Psalms 104:16 MEANING

Psalm 104:16
(16) The trees . . .--Better, Jehovah's trees are satisfied. The parallelism shows what are Jehovah's trees. The cedar of Lebanon (see 1 Kings 4:33) was the grandest and fairest tree known to the Hebrew; and like lightning and the tropical rain, is honoured by the epithet most expressive of grandeur. (See Bible Educator, iv., 359.) Such trees the poet feels must have been planted by the Divine hand itself--man could grow herbs, but not cedars--and here, as a proof of the lavish provision made by the Creator for the fertility of the earth, he states that even these monarchs of the wood have enough.

Verse 16. - The trees of the Lord are full of sap; rather, are satisfied, or have their fill; i.e. drink in sufficiently God's rain, so that they grow up and flourish amazingly. Even the cedars of Lebanon (see Psalm 29:5, 6; Psalm 92:11). These are particularized as the grandest of God's vegetable productions known to the psalmist (comp. Judges 9:15; 1 Kings 4:33; 2 Kings 14:19; Isaiah 2:13; Ezekiel 31:3). Which he hath planted (comp. Numbers 24:6).

104:10-18 When we reflect upon the provision made for all creatures, we should also notice the natural worship they render to God. Yet man, forgetful ungrateful man, enjoys the largest measure of his Creator's kindness. the earth, varying in different lands. Nor let us forget spiritual blessings; the fruitfulness of the church through grace, the bread of everlasting life, the cup of salvation, and the oil of gladness. Does God provide for the inferior creatures, and will he not be a refuge to his people?The trees of the Lord are full of sap,.... Or "satiated" (s); that is, with rain; and through it are filled with fruits. This is to be understood not only of the tallest and largest trees; which are therefore called the trees of the Lord, as high mountains are called the mountains of the Lord, Psalm 36:6 and so other things excellent in their kind: but of trees of the field and forest; so the Septuagint, Vulgate Latin, and Arabic versions; which are not planted and cultivated by man, as trees in gardens and orchards are; but are more especially under the care and cultivation of the Lord himself, and may design such as were produced by him at the creation.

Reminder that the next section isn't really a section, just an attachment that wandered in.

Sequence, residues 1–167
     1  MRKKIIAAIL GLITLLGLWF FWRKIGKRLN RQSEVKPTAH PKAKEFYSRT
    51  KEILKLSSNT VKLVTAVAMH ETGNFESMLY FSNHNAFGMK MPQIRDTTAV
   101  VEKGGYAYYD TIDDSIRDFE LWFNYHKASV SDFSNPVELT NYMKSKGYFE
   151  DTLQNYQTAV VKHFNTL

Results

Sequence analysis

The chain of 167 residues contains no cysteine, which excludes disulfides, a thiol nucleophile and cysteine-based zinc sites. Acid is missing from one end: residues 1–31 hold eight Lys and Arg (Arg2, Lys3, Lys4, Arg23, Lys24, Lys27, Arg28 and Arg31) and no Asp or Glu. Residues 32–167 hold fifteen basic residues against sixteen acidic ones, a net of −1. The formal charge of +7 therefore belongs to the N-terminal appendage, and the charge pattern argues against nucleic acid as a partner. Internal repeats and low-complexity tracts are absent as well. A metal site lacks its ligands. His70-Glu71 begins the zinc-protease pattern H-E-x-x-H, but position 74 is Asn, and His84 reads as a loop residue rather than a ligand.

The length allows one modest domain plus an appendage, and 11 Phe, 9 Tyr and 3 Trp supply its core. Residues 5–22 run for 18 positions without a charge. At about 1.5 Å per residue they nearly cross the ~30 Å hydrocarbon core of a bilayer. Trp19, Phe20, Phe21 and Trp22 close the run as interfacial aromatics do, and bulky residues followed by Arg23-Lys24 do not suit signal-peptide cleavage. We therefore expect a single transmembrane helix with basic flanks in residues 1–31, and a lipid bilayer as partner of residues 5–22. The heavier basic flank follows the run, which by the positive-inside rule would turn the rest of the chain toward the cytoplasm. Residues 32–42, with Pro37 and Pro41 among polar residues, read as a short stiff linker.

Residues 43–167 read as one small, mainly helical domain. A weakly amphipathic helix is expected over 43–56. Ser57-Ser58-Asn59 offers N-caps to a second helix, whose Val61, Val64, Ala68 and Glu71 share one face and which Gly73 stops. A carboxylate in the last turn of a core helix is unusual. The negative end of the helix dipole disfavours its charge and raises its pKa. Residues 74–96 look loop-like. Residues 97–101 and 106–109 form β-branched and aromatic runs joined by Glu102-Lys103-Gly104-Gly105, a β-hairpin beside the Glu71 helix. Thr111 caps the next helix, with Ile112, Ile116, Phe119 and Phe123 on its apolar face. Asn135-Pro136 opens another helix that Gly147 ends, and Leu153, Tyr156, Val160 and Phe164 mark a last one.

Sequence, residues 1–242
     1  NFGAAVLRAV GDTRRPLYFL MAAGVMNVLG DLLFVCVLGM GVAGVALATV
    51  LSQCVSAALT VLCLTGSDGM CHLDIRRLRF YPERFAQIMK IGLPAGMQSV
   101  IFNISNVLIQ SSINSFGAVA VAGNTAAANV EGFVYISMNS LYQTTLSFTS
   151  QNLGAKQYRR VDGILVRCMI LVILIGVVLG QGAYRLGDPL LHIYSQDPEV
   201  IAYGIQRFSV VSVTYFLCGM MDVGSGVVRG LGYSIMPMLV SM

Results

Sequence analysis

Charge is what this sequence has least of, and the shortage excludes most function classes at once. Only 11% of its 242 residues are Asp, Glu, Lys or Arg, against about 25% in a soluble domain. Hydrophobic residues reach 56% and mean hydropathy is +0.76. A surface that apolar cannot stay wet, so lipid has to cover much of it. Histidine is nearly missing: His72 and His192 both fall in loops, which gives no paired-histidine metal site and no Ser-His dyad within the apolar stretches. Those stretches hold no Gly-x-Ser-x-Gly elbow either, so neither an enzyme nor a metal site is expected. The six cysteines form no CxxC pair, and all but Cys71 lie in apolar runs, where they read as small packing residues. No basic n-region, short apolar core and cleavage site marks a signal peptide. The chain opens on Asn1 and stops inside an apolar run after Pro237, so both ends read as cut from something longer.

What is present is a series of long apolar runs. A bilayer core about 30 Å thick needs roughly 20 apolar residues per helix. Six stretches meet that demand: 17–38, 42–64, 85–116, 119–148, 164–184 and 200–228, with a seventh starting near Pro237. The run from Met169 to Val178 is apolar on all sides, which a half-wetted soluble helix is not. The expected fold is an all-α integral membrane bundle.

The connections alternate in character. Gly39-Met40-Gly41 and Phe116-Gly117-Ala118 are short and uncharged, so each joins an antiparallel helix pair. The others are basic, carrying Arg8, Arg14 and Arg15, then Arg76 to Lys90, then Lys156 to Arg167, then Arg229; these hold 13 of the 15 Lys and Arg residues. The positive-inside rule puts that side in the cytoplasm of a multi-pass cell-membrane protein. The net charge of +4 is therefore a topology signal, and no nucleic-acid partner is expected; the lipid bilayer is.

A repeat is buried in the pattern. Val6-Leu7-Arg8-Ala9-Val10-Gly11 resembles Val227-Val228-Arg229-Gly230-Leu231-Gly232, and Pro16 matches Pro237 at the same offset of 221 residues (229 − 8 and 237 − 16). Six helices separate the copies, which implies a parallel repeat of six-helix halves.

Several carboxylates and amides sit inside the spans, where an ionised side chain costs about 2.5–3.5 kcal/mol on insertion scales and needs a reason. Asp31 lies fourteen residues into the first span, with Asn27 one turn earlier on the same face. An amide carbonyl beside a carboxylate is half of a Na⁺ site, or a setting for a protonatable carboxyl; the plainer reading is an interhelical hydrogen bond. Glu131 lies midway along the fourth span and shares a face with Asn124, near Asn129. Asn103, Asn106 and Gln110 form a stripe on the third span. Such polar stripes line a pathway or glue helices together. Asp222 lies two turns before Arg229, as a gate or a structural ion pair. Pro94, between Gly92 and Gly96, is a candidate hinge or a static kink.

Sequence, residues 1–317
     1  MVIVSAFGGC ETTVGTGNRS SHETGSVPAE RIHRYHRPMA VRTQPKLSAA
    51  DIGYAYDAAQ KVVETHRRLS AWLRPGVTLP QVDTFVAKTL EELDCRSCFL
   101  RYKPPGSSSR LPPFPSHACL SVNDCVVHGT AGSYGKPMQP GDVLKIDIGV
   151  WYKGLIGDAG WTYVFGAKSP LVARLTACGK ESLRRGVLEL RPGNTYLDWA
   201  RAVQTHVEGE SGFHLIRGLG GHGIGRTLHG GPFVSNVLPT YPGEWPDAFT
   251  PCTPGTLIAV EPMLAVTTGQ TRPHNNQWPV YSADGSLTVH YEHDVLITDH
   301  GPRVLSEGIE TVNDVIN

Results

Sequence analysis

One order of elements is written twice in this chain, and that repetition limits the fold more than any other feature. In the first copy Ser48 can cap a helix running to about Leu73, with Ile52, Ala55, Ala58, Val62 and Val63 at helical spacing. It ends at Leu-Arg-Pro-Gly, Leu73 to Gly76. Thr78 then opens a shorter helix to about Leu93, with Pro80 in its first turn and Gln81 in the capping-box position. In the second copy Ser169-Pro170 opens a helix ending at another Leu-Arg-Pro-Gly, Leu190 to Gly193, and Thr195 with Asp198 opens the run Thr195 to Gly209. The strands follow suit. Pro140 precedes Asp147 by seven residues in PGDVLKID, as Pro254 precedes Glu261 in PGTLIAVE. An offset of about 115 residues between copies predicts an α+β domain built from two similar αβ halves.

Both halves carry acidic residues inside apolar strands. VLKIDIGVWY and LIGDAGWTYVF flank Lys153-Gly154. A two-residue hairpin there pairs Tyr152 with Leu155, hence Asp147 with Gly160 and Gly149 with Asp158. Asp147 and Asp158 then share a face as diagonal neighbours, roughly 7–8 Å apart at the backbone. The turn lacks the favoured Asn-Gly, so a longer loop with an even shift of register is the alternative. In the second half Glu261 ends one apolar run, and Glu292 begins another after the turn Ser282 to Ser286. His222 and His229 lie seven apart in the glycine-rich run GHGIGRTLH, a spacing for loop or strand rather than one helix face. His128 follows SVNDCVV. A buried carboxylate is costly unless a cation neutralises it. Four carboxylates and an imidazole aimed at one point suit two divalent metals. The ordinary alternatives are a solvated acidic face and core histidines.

The cedars of Lebanon which he hath planted; a mountain on the borders of Judea, so called from its whiteness, through the snow on it, as the Alps are; and where grew great quantities of large and spreading cedars, which were not of man's, but of the Lord's planting: these were watered and made to grow with the rain of heaven. Rauwolff (t), who was upon this mountain in 1574, says,

"though this hill in former ages has been quite covered over with cedars, yet they are so decreased, that I could tell, says he, no more but twenty four, that stood round about in a circle; and two others, the branches whereof are quite decayed with age.''

But Thevenot (u), who has been there since, affirms there are no more nor less than twenty three, great and small; of the largeness, thickness, and height of these trees; see Gill on Isaiah 37:24. Saints are often compared to trees, which are planted by the Lord in Christ, and in his churches; and particularly to cedars, for their height, strength, and durableness; see Psalm 92:13, and these, through the grace of God, are full of sap and spiritual life, and are filled with the fruits of righteousness, and are often represented as planted and growing by rivers of water; see Numbers 24:6.

(s) "satiantur", Vatablus, Junius & Tremellius, Piscator, Cocceius; so Musculus, Gejerus, Michaelis. (t) Travels, par. 2. ch. 13. p. 191. (u) Travels, par. 1. B. 2. ch. 60. p. 224.

Courtesy of Open Bible